I’m sitting in the Charlotte airport, minutes from embarking on a trip to Helsinki to study the Finnish education system, with a delegation of U.S. foundation officials, policy wonks, and top-level government officials. Finnish students, in international comparisons of student achievement, hold top academic rankings at the same time their nation’s schools are being filled with increasingly diverse children and adolescents.
A huge kudos to the National Public Education Support Fund (and the leadership of Dan Leeds and Terri Shuck) for sponsoring five-plus days of school and classroom visits as well as intensive work sessions with top-ranking policy officials in both education and child care, teachers and teacher educators, union and ministry leaders.
Leading our week’s work will be Linda Darling-Hammond, author of Teacher Education Around the World, and Pasi Sahlberg, author of Finnish Lessons. I just finished reading both these books and was struck by the fact that in Finland, teacher education is viewed as a paramount investment, not an unnecessary expense (LDH). Finnish policymakers and the public view teachers with respect, and put a teaching, learning, and assessment system in place that is built on trust in those who teach.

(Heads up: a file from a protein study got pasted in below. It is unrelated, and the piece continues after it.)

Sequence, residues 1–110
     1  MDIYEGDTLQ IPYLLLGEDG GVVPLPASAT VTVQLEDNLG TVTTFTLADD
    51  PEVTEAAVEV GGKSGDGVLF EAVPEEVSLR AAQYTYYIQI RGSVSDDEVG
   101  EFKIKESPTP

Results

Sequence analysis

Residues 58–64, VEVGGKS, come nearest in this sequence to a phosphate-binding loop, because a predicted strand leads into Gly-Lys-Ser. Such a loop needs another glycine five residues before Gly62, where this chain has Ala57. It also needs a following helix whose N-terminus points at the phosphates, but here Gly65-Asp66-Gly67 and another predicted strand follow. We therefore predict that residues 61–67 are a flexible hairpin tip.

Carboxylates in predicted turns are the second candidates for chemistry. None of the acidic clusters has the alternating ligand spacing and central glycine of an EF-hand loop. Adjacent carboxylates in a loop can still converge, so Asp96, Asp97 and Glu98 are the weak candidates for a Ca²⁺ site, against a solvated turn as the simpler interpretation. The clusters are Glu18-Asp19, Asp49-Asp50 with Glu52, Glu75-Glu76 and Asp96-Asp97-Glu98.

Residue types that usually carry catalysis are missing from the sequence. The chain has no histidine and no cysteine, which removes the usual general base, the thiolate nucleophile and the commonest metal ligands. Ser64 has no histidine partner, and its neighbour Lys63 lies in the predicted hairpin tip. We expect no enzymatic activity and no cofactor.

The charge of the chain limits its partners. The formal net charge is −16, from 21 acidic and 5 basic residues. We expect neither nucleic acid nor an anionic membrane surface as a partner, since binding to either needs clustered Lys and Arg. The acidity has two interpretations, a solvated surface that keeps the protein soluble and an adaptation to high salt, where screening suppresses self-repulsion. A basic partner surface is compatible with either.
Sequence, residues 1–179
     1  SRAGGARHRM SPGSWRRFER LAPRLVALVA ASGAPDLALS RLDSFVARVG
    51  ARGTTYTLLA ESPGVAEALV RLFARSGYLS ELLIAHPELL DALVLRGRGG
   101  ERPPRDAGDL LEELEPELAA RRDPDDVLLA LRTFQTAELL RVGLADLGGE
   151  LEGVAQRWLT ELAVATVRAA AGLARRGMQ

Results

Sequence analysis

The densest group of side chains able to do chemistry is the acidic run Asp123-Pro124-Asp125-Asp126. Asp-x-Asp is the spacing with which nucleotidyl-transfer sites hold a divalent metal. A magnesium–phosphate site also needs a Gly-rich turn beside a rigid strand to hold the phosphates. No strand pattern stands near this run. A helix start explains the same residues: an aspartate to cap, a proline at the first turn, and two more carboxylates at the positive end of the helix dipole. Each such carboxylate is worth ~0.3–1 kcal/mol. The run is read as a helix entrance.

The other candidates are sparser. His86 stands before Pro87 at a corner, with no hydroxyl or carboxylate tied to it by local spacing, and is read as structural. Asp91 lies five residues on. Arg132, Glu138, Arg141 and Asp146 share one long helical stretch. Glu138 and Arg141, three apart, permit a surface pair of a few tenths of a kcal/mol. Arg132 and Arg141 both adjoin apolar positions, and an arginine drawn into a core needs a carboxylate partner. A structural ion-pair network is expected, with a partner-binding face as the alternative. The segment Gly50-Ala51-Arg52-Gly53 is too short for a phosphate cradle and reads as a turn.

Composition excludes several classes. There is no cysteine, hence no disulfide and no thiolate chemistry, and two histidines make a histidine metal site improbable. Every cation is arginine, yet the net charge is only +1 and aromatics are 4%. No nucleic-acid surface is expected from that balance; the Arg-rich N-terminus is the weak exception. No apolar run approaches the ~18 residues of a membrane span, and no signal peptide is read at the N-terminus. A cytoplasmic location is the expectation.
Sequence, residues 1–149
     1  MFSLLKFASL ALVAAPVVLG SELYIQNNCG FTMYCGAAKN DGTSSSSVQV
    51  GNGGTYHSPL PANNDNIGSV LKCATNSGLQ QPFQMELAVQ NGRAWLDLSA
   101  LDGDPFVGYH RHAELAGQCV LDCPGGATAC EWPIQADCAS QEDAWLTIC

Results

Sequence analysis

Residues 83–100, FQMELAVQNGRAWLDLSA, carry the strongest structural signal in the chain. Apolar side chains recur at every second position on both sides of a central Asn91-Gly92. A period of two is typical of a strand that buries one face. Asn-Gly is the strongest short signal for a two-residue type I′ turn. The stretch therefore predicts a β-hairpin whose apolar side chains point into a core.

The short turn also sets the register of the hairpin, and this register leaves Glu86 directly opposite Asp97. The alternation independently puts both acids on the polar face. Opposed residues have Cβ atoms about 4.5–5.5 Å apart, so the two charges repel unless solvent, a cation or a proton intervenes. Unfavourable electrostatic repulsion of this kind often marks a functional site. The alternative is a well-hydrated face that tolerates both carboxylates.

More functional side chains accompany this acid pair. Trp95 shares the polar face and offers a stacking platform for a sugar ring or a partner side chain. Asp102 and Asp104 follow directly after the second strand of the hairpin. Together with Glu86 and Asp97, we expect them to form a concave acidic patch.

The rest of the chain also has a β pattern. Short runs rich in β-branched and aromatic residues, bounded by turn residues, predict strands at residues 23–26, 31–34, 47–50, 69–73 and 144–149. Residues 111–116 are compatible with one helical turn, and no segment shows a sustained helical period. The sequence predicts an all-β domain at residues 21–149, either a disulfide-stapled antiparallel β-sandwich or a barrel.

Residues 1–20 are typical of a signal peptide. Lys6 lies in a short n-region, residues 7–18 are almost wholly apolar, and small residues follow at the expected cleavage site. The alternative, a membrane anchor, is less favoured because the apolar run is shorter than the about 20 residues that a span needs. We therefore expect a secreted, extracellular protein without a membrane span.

Most media reports of the Finnish miracle focus on the selectivity involved in becoming a teacher. But rarely do we hear about the respect that’s paid to Finnish teachers, both pre-service and in the classroom. I wonder why.
In Finland, there is no need for high-stakes accountability (including rigid measures of teaching effectiveness) because all teachers are well prepared (at government expense) and are afforded the time (only 19 hours a week of direct instruction of students compared to 32+ in America) to develop and adapt curriculum, design and score student assessments, collaborate around problems of practice, and build school-community partnerships.
I am thinking a lot about what I will witness firsthand about the Finns’ respect for teachers—and my thoughts turn to my colleague, Jon Eckert, teacher education professor at Wheaton College, and one of his recent top-flight graduates (scored over a 1350 on her SAT) who recently graduated with honors (cum laude) with a K-9 certificate, fluent in Spanish, and with student-teaching experience in Illinois schools as well as in Guatemala and Ecuador.
But Morgan cannot find a teaching job, as she describes in this transformED blog post, because of aloof district administrators as well as apathetic principals. She had to consider part-time positions and ones that paid incredibly low salaries—without benefits.
Would Finnish school leaders allow a highly qualified teacher candidate like Morgan to teach a sample lesson without listening to or even watching her? I doubt it.
I’ll be posting my thoughts and observations on my blog from Finland all next week—check back for more posts, and follow me on Twitter at @BarnettCTQ. I’m eager to share what I learn.